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Is the Top In? - Flipping Houses Like It's 2006 All over Again  ( Original )
JAN 25, 2017

ORIGINAL SOURCE: Americans Are Flipping Houses Like It’s 2006 by Patrick Clark of Bloomberg on 1/25/2017

The housing market peaked somewhere in 2006 and were beginning to see some of the early signs of trouble when some of subprime loans started to go into default.

The Housing Market Crash of 2007 was the worst housing crash in U.S. history. It also was the cause of the financial crisis. This nearly caused the U.S. to experience another depression like the Great Depression. Are we about to embark on this folly again? Even though again they see no signs of this happening yet, that's what they said last time and by then it was to late.

Here's what Bloomberg has to say today;

A tactic that helped define the height of homebuying madness in the U.S. in the years before the market collapsed is rearing its head again.

Home flippers, who buy homes as a speculative bet on short-term price appreciation, accounted for 6.1 percent of U.S. home sales in 2016, according to Trulia, which defines a flip as a property sold twice in a 12-month period in arm’s-length transactions. That’s the highest share since 2006, when flips accounted for 7.3 percent of sales.

Flipping has made a strong comeback in cities that were battered by the foreclosure crisis. That includes Las Vegas, where 10.5 percent of 2016’s sales were flips, the highest in the country, as well as Tampa, Fla., and Fresno, Calif. Eleven metropolitan areas, including Memphis, Tenn., and Atlanta, had flip rates that reached 17-year highs, according to the Trulia data.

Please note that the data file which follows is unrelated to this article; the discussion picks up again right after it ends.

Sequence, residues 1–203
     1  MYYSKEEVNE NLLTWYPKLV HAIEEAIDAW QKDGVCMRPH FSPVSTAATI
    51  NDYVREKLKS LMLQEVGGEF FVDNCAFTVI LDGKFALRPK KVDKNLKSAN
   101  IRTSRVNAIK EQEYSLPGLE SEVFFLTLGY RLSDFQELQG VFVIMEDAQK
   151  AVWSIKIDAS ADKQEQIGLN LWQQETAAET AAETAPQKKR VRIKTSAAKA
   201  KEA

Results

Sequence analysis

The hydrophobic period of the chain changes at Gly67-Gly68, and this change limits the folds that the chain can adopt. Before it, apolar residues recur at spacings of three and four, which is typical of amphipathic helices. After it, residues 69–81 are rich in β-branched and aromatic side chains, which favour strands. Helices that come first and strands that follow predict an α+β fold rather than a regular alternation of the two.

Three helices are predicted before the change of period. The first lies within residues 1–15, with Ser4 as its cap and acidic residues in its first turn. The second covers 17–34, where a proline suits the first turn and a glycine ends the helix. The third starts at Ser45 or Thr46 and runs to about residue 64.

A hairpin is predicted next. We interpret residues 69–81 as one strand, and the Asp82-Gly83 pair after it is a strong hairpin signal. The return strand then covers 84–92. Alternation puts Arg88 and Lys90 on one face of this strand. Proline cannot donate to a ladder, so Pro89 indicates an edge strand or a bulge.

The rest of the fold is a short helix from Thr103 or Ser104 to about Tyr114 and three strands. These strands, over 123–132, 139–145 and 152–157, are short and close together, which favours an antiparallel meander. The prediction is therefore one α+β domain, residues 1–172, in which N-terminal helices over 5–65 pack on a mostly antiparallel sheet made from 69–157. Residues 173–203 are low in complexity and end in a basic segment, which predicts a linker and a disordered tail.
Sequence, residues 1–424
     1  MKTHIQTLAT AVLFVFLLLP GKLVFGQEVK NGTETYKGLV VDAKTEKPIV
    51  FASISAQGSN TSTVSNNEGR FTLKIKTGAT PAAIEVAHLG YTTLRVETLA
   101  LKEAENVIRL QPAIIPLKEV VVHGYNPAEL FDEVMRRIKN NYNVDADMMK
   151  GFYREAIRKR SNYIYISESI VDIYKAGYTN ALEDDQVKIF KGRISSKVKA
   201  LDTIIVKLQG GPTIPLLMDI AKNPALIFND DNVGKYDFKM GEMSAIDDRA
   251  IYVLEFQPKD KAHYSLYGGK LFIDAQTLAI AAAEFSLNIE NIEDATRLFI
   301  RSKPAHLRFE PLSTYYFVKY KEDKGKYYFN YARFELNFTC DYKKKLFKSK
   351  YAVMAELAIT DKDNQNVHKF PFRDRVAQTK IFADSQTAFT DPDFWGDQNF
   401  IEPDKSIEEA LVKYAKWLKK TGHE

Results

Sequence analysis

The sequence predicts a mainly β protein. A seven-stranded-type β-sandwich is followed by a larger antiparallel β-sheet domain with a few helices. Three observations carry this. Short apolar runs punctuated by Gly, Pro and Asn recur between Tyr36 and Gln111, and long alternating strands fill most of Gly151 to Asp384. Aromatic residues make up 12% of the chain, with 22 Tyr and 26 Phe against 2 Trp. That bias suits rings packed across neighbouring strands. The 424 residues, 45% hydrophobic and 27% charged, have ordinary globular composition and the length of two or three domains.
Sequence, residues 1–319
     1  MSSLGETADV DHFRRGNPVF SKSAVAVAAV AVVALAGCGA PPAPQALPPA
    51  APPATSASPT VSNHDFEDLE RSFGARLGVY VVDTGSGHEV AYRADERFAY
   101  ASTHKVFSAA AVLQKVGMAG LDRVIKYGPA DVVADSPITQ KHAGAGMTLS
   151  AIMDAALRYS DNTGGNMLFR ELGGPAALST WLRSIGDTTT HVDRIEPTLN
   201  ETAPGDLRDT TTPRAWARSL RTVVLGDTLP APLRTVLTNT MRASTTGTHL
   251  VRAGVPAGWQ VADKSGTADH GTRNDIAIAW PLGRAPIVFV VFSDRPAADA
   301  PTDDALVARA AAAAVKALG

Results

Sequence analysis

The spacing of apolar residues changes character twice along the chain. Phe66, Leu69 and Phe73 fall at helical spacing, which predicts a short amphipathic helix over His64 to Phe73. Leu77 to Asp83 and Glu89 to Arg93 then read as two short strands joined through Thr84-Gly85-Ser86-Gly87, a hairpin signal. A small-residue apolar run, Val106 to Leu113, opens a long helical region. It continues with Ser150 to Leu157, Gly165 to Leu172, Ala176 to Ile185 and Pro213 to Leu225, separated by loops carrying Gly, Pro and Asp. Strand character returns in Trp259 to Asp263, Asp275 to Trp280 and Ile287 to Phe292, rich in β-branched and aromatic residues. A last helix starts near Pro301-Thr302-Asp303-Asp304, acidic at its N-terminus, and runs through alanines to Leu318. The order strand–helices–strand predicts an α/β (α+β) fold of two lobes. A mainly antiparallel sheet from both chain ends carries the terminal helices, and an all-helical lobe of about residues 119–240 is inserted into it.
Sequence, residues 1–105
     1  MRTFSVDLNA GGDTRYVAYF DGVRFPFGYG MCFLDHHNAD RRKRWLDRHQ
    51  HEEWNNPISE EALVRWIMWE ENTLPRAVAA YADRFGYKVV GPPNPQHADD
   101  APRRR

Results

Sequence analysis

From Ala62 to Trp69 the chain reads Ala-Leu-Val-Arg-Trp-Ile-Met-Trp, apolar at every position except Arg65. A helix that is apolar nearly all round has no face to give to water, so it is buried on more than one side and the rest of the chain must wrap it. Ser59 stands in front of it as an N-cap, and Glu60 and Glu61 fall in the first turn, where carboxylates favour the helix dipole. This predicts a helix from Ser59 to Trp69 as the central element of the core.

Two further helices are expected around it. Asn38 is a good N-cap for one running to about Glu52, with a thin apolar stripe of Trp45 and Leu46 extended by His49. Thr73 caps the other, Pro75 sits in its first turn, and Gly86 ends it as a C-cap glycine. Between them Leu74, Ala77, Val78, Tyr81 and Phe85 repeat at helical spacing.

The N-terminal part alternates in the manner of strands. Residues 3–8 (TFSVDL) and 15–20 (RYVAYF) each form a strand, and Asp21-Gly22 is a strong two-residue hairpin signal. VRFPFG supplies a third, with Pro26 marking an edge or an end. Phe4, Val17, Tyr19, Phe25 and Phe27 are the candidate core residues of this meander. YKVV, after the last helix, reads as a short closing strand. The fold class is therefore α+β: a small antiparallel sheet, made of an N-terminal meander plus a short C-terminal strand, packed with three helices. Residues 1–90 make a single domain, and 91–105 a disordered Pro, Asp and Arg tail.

Flipping has become more common as home prices have increased, said Ralph McLaughlin, chief economist at Trulia. Whether that’s cause for concern is an open question.

Local housing market investors can bid up prices in a speculative frenzy, as recent history has shown. When flippers crowd into a market, meanwhile, they compete with buyers seeking a home to live in, deferring the availability of listings and pushing homes out of some buyers’ price range. 

But flippers can also provide a valuable service to the housing market by investing in needed improvements that owner-occupiers might not have time for, McLaughlin said. Trulia’s report shows that flippers in Las Vegas are seeking building permits at the highest rate since 2000, suggesting that they’re making substantial repairs and not simply buying homes to ride local price appreciation.

"Is the market going to flip out again?" he said. "I don't think the signs are there yet."